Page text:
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Motto


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Motto



The motto was originally a war cry or slogan. Mottoes first began to be shown with arms in the 14th and 15th centuries, but were not in general use until the 17th century. Thus the oldest coats of arms generally do not include a motto. Mottoes seldom form part of the grant of arms: Under most heraldic authorities, a motto is an optional component of the coat of arms, and can be added to or changed at will; many families have chosen not to display a motto.

Motto: Garde bien
Motto Translation: Watch well.


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MacCarryke Family Crest Products


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MacCarryke Family Crest Products




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See Also


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See Also




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Citations


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Citations



    Other References

    1. Burke, Sir Bernard. Genealogical and Heraldic History of the Landed Gentry Including American Families with British Ancestry 2 Volumes. London: Burke Publishing, 1939. Print.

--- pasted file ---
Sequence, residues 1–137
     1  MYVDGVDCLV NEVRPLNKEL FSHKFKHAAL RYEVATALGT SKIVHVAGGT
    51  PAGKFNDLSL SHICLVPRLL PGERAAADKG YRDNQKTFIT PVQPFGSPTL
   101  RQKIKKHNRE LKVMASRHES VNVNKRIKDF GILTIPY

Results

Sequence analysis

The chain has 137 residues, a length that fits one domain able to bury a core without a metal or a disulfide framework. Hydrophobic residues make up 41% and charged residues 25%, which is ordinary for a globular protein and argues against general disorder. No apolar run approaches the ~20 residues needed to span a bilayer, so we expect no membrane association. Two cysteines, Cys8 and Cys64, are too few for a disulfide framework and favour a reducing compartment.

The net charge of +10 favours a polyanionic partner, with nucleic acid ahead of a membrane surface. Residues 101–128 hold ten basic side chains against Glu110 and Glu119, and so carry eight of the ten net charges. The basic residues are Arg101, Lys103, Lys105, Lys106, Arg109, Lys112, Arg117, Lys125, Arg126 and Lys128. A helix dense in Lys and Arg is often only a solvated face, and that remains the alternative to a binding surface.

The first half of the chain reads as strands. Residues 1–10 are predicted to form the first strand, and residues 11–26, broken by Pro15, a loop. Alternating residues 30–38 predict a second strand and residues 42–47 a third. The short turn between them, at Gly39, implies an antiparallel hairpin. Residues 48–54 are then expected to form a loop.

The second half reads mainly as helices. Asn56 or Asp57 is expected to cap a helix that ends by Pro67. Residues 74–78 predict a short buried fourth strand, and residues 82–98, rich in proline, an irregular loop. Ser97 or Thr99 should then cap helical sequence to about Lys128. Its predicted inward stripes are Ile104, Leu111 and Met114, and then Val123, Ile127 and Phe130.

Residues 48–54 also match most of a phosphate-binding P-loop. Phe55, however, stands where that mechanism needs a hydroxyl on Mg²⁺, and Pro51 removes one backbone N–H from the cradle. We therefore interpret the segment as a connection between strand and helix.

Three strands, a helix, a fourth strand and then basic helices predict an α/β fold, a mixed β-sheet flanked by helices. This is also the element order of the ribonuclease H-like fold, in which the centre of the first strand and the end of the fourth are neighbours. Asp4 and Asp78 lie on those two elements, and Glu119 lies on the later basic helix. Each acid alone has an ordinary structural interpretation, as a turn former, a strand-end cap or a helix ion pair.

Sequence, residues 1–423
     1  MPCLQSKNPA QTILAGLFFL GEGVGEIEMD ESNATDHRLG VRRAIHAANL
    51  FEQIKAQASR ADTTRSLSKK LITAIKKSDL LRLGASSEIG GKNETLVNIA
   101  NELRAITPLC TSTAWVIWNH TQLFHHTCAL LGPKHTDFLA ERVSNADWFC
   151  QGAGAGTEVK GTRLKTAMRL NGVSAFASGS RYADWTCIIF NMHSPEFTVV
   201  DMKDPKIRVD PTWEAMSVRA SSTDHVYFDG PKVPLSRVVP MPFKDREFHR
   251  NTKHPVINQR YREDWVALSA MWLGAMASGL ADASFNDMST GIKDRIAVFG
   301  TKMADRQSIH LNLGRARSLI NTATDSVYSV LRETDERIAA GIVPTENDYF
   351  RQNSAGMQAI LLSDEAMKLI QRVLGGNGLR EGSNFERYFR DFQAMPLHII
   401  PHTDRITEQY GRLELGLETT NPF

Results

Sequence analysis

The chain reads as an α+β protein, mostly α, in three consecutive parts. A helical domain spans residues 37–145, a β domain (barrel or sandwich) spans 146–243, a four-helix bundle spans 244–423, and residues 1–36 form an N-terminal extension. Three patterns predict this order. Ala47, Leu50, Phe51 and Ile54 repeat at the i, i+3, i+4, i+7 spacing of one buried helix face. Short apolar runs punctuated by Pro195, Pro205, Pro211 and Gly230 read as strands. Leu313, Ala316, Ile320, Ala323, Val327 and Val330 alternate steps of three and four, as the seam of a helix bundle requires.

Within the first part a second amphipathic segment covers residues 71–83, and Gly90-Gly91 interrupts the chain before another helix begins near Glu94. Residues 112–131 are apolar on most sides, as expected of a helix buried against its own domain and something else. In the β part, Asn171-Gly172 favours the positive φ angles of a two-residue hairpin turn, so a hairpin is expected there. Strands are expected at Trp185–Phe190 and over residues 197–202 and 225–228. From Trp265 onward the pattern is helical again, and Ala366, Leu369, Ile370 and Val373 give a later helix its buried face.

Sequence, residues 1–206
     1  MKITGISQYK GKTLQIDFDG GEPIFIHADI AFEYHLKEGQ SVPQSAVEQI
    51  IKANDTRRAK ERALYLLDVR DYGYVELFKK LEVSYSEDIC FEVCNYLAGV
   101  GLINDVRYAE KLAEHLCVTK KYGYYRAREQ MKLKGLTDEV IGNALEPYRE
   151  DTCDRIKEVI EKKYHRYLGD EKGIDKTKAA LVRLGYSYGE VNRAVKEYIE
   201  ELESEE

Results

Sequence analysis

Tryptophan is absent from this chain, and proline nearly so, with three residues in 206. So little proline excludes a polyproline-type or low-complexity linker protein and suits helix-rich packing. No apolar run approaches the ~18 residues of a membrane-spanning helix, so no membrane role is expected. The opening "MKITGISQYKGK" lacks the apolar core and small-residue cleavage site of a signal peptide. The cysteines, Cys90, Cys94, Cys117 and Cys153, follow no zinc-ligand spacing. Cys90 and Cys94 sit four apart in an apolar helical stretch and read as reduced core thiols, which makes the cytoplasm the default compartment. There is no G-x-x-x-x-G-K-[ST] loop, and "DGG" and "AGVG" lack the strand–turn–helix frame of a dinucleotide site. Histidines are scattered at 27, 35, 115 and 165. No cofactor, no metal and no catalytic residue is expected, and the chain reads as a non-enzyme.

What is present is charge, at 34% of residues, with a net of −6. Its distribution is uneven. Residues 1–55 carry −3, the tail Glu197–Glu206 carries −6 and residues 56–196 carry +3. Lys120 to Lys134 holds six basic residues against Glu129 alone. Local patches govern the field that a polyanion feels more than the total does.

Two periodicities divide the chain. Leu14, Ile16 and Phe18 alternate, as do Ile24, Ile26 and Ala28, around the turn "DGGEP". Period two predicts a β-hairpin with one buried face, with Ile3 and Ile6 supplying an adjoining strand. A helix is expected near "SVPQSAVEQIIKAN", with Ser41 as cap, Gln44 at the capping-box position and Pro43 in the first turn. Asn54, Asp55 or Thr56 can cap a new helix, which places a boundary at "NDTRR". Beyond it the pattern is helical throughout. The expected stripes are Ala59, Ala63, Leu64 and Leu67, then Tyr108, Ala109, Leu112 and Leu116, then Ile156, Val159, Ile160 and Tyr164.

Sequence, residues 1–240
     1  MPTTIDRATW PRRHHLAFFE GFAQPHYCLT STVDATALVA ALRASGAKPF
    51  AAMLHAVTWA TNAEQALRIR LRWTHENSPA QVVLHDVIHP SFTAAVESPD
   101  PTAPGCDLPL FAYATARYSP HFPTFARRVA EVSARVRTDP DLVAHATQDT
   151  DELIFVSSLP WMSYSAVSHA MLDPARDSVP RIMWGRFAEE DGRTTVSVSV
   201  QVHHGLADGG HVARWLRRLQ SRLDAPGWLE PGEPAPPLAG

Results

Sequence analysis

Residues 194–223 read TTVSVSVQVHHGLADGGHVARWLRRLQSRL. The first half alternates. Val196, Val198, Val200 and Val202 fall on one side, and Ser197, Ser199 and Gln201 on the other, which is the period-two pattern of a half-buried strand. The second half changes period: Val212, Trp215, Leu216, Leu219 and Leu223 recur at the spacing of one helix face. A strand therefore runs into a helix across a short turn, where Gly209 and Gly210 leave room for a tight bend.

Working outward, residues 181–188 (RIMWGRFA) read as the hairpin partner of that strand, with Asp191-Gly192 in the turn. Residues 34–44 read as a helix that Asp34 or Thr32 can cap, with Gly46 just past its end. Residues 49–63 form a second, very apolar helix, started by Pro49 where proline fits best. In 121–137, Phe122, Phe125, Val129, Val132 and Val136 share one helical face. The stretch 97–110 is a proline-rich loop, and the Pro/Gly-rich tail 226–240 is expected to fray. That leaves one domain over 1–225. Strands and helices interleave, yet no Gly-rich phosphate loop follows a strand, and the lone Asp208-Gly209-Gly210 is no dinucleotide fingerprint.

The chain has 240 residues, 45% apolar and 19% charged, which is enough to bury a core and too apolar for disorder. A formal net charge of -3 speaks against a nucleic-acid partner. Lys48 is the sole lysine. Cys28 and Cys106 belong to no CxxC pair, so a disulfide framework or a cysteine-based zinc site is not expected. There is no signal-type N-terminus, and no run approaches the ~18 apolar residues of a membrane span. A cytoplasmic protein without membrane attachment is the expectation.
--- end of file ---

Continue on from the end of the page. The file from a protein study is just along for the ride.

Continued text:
2. Colletta, John P. They Came In Ships. Salt Lake City: Ancestry, 1993. Print.
    3. The Norman People and Their Existing Descendants in the British Dominions and the United States Of America. Baltimore: Genealogical Publishing, 1975. Print. (ISBN 0-8063-0636-X).
    4. Scarlett, James D. Tartan The Highland Textile. London: Shepheard-Walwyn, 1990. Print. (ISBN 0-85683-120-4).
    5. Moncrieffe, Sir Ian of That Ilk and Don Pottinger. Clan Map Scotland of Old. Edinburgh: Bartholomew and Son, 1983. Print.
    6. Urquhart, Blair Edition. Tartans The New Compact Study Guide and Identifier. Secauccus, NJ: Chartwell Books, 1994. Print. (ISBN 0-7858-0050-6).
    7. Skene, William Forbes Edition. Chronicles of the Picts, Chronicles of the Scots and Other Early Memorials of Scottish History. Edinburgh: H.M. General Register House, 1867. Print.
    8. Bradford, William. History of Plymouth Plantation 1620-1647 Edited by Samuel Eliot Morrison 2 Volumes. New York: Russell and Russell, 1968. Print.
    9. Donaldson, Gordon and Robert S. Morpeth. Who's Who In Scotish History. Wales: Welsh Academic Press, 1996. Print. (ISBN 186057-0054).
    10. Egle, William Henry. Pennsylvania Genealogies Scotch-Irish and German. Harrisburg: L.S. Hart, 1886. Print.
    11. ...

    The MacCarryke Family Crest was acquired from the Houseofnames.com archives. The MacCarryke Family Crest was drawn according to heraldic standards based on published blazons. We generally include the oldest published family crest once associated with each surname.

    This page was last modified on 19 August 2015 at 15:27.